JI: With us, it’s according to the inclination – “150” means a very slight bend, “40” a very tight corner. It takes a lot longer to say that; you guys have handled that much more simply, Miikka. We’ve also considered adopting the 1–9 system, but it’s difficult to change the habits of many years, so we’re sticking with it for now. The main thing is that the driver and co-driver understand each other immediately and the risk of misunderstandings is minimised. Every co-driver has his own personal symbols so he can understand his own notes as quickly as possible – such as for large rocks or dips on the course. The fact is that we could not completely understand the other guys’ notes, let alone use them on the course.

» You have to stay calm under massive time pressure. «

Ola Fløene

Ola Fløene

Born in Hamar (N) in 1969, Ola is one of the most experienced co-drivers. After early successes as a motocross rider, in 1996 he became the co-driver for Mads Østberg’s father Morten. Since 2006 he has been driving with the (then 16-year-old) Andreas Mikkelsen, with whom he won the Intercontinental Rally Challenge (IRC) in 2011 and 2012. In their first season together in the WRC, they promptly took third place in the championship.

DA: What makes a championship-calibre co-driver, in your opinion?

Ola Fløene (OF): Perfect navigation is a question of timing. The main thing is to make optimal use of the scarce time allotted to us in the “recce” testing. In other words, getting down all the relevant information precisely. You have to stay calm under massive time pressure and work with great accuracy. In the race itself, the key is to give the driver exactly as much information as is necessary, at just the right time. A person can only process a certain amount of information at once. If a corner is followed by another one in quick succession, for example, it’s important to state the distance to the second corner before the driver takes the first corner. You might say that the secret of a championship-calibre co-driver is in the effectiveness of his communication. There’s always room for improvement there. I’ve been doing this job for about twenty years now, and I’m still learning things.

 

DA: Which races are the most demanding with regard to note-taking?

MA: The most difficult situation is on asphalt because the cars have the best grip and are therefore moving the fastest, and the book can shake quite a bit then. There are also a lot of details from the course posts regarding current course conditions, and you have to take those into account as well. You have to talk fast and get a good look at things.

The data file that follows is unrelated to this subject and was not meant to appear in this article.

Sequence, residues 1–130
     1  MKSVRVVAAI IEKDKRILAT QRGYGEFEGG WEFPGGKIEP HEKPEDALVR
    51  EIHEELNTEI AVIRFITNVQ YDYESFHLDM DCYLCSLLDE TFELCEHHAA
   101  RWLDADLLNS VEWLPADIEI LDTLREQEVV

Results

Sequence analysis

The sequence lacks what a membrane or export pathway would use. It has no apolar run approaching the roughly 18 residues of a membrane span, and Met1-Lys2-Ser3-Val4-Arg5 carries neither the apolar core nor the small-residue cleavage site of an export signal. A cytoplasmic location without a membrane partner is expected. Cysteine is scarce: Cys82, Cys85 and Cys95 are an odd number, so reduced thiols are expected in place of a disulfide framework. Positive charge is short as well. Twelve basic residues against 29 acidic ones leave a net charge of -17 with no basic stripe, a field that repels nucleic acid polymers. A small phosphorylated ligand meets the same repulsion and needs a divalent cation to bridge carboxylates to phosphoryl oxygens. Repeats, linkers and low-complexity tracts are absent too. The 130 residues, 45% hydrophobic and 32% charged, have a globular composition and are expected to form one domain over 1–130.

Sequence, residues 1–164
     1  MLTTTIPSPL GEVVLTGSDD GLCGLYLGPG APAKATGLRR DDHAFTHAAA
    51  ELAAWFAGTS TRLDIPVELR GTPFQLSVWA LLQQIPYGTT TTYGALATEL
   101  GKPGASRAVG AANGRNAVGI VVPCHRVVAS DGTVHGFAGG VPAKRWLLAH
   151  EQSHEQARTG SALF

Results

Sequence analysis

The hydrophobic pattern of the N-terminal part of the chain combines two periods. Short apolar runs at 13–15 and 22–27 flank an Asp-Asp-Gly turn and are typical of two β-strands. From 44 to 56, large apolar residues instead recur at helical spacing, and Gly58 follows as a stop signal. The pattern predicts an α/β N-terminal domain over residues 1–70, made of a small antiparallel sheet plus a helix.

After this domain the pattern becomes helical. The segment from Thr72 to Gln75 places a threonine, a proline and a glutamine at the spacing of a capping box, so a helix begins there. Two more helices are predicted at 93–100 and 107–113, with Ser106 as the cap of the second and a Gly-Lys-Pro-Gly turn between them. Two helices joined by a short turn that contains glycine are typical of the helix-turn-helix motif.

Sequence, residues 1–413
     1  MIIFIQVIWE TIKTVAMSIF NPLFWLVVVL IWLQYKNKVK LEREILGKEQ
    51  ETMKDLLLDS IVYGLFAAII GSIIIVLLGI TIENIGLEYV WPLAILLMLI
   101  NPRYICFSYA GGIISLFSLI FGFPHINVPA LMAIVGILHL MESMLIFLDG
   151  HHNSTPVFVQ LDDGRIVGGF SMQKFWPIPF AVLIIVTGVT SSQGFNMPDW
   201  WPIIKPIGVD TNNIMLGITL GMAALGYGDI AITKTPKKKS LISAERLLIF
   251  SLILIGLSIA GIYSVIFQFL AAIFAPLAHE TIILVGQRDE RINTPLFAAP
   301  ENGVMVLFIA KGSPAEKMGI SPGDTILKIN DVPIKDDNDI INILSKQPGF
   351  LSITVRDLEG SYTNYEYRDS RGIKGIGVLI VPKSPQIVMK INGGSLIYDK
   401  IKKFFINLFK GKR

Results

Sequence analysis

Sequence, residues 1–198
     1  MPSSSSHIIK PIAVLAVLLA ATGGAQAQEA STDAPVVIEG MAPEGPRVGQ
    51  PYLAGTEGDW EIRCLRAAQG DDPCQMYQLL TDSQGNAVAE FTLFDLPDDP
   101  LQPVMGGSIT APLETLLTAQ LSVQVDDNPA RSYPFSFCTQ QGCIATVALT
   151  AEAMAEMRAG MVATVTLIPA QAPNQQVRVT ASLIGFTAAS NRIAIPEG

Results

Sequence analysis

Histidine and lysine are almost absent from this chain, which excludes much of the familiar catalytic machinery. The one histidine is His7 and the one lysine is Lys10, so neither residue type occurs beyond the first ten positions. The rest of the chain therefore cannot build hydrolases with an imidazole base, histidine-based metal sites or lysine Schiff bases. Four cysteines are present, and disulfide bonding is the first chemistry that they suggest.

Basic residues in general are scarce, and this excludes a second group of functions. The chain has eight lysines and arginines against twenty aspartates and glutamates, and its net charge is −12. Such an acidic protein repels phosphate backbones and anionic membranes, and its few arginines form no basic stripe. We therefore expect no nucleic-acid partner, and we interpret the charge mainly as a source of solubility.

DA: You’re professionals, but not machines, and even if the wrong information about the course can have fatal consequences – it does happen, doesn’t it?

MA: Fortunately that’s pretty rare. I remember one time when I said something other than what I saw and read. No idea why. It was 2011 in Sicily, an inexplicable blackout. The result was that the car was totalled. Jari-Matti and I came out unscathed. Luckily it’s never happened to me again since.

JI: In 2009 in Cyprus, during “recce” I overlooked an intersection where we were supposed to go right. In the race itself, we drove straight ahead at that spot and were heading right for a race control vehicle at about 90 mph. Luckily Sébastien had the presence of mind to swerve past it. By a whisker. We were able to turn around and barely lost any time. But believe me – you don’t forget something like that. And you do everything to ensure that it never happens again.

OF: Fortunately, nowadays we’re able to largely rule out mistakes in the notes. After each “recce” we go through our notes at least two more times and meticulously compare them with video footage of the courses. Of course it does sometimes happen that you’re a second too early or too late with your instructions – but incorrect information is luckily the absolute exception.
 

DA: It’s notable that your teams are arranged by nationality; there are two Frenchmen, two Finns and two Norwegians. How important is it to share the same mother tongue in the cockpit?
OF: It definitely helps strengthen your mutual trust in each other, which is indispensable for successful teamwork.
MA: It’s not an absolute must, but highly recommended. When we teamed up in the beginning, Jari-Matti and I used English-language notes. At some point Jari-Matti told me that he found that very exhausting. As soon as we switched to Finnish, we immediately understood each other better.

» Rule number one is: no one touches my pace notes. «

Miikka Anttila

Miikka Anttila

Born in 1972 in Janakkala (FIN), Miikka was trained as a co-driver by Finland’s automobile sport club AKK, debuted in the World Rally Championship in 1999 in Finland and assisted 13 Finnish drivers before becoming the permanent co-driver of Jari-Matti Latvala in 2003. In 2008 the two won the WRC Rally Sweden, and in 2010 were runners-up in the championship. In their first season in the Polo R WRC, they took third place; in 2014 they took second in the individual, and in both years won the team classifications for Volkswagen Motorsport.

DA: You all take your notes by hand. Why aren’t laptops or tablets an option for you?